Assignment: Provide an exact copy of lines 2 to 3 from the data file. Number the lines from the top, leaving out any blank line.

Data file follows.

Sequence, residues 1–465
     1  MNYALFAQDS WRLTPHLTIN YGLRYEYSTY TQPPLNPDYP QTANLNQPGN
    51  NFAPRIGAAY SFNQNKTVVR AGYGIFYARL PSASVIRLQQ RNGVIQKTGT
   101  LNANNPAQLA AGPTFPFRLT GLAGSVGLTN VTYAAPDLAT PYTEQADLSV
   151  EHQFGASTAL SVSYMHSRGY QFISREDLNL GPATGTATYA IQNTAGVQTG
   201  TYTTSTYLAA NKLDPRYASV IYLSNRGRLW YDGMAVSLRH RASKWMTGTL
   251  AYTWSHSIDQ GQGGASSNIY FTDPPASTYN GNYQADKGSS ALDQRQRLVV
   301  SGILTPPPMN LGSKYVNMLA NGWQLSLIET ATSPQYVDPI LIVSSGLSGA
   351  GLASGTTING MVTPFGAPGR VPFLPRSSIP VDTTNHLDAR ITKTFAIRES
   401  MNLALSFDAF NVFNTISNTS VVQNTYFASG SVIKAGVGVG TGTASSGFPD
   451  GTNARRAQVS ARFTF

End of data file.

     1  MNYALFAQDS WRLTPHLTIN YGLRYEYSTY TQPPLNPDYP QTANLNQPGN
    51  NFAPRIGAAY SFNQNKTVVR AGYGIFYARL PSASVIRLQQ RNGVIQKTGT